Insider, p.52

Insider, page 52

 part  #1 of  Exodus End Series

 

 



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  Susan’s jaw dropped, but she quickly replaced her look of astonishment with a smirk. “You can’t fire me.”

  “I just did. Get lost.”

  Julian circled the desk and caught Toni by the arms. “I’ve never seen you like this,” he said, staring deeply into Toni’s eyes. “When’s the last time you slept?”

  “I slept on the plane,” she said. For like twenty minutes. “It doesn’t matter. I’m not going to let Susan talk down to me anymore. I don’t care if it was someone else who screwed me over.” Toni had been so sure it had been Susan, she was still halfway convinced she’d been the one. “I don’t want her here. She’s not even very good at her job.”

  Susan huffed in disdain.

  “She’s rude and unprofessional,” Toni said, looking Susan square in the eye while she said it. “Nichols Publishing doesn’t need an employee like her, so she’s fired.” She turned her face toward Julian and cocked her head at him. “Are you going to give me any more lip, Mr. Reynolds?”

  Julian laughed and hugged her, of all things. “I like this new you, Miss Toni. I knew you had a sturdy backbone somewhere in that stacked little body of yours.”

  “I’m not leaving,” Susan said. “You have no authority in this company.”

  “My mother has been trying to make me a partner for years,” Toni said, and though she wasn’t necessarily ready to take that step, Susan had no way of knowing that. “Trust me, you’re fired.”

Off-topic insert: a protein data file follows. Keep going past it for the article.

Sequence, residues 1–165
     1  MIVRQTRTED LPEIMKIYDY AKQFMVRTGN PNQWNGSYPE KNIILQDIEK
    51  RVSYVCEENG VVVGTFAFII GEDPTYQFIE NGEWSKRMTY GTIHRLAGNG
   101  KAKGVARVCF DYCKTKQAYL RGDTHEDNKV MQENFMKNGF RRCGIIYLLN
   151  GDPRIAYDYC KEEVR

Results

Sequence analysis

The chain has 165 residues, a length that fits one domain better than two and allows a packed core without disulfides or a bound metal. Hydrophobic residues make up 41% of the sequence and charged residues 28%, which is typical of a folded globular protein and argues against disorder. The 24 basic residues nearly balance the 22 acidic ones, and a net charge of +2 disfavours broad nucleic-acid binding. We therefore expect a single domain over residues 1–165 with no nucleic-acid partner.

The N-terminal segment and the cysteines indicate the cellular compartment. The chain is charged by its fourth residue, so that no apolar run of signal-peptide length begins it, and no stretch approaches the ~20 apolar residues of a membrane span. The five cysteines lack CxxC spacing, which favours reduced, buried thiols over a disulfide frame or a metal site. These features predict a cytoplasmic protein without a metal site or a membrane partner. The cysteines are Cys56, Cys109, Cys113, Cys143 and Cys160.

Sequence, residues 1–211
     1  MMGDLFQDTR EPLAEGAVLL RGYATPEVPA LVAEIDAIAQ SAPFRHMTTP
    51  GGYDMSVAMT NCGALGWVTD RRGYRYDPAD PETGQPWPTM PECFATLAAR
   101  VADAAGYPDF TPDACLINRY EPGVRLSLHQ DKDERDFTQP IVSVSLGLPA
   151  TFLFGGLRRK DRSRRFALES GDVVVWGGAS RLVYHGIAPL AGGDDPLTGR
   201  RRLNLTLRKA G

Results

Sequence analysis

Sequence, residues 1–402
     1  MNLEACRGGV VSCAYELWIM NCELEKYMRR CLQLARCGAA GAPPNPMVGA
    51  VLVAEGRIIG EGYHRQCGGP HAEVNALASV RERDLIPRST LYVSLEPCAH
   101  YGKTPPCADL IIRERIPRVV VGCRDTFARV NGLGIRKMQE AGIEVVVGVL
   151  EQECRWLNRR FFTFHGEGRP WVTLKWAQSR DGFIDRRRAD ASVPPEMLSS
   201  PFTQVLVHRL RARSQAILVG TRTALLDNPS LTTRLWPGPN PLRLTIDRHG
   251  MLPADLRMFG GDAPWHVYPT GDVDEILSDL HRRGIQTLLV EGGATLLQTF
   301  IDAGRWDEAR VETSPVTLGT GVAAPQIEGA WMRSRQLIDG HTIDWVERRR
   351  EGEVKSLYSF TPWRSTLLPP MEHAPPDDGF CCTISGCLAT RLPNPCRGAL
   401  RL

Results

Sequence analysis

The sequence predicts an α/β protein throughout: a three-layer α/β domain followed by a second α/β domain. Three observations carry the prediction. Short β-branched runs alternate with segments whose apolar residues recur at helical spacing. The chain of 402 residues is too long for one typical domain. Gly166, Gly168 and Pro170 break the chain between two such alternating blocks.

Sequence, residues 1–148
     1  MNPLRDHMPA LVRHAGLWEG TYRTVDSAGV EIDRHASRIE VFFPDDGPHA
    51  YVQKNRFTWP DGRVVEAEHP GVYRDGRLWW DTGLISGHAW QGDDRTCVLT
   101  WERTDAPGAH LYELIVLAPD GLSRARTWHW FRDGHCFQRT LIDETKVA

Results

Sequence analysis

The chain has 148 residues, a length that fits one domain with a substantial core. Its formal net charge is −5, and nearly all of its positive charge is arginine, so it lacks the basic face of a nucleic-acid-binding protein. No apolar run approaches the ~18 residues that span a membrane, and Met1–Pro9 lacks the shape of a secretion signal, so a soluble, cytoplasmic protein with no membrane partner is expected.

Toni slid out of Julian’s grasp and headed for the door. She needed to talk to her mother—the real boss of this establishment—as soon as possible.

  “I didn’t take your journal,” Susan called after her.

  “Fired. Do I need to spell it for you? It starts with an F and ends with a U,” Toni said as she stormed out of Susan’s office with Julian on her heels.

  “Remind me to never get on your bad side,” Julian said.

  “Susan’s been rude to me since day one.”

  “Only because you never stood up for yourself.”

  Toni scowled at him. “That’s no excuse to be an asshole.”

  “Most assholes don’t need an excuse. So how are things going with your new boyfriend? I saw your story about him. Makes him sound like a whiner.”

  “Not my story,” she reminded him.

  “But he is your boyfriend?” Julian wiggled his eyebrows at her.

  “Yes, I told you he was in response to those badgering texts you sent.”

  Julian pouted. “You never did send me proof.”

  “I’m not sending you a naked picture of my boyfriend, Julian!”

  “Then I don’t believe you.” Such the little manipulator.

  “Believe whatever you want. I’m lucky he didn’t dump me after what Susan did.”

  “I’m still not clear what she did that has you so pissed off.”

  “She stole my journal and published secrets I’d written in it.”

  “Are you sure?”

  “Yes!” Though her certainty was diminishing by the second.

  “How would she know to steal your journal? Or even how to get her hands on it?”

  “How the hell should I know?” she screeched.

  Julian leaned away from her, apparently deciding she was too scary to keep pestering.

  She stopped at Julian’s desk, which was situated in front of her mother’s closed office door and waited for him to buzz her via his intercom.

  “Your mother’s in a meeting downtown,” Julian said. “She won’t be back for at least an hour.”

  She tossed her hands in the air. “Why didn’t you tell me that before I walked all the way down here?”

  “Because I was starting to believe you two switched bodies or something. I’ve seen that fire in her hundreds of times, but I’ve never seen it in you before.”

  “You should be glad you’ve never made me that angry.” Toni rubbed her forehead, fatigue setting in now that her so-called fire had burned itself to embers. “I guess I’ll work on the book until she gets back. Will you call me in my office when she returns?”

  “Of course.”

  Toni turned to head back toward her office, and Julian fell into step with her again. “So is their drummer, Steve Aimes, really gay? Because I would very much like you to introduce me to him.”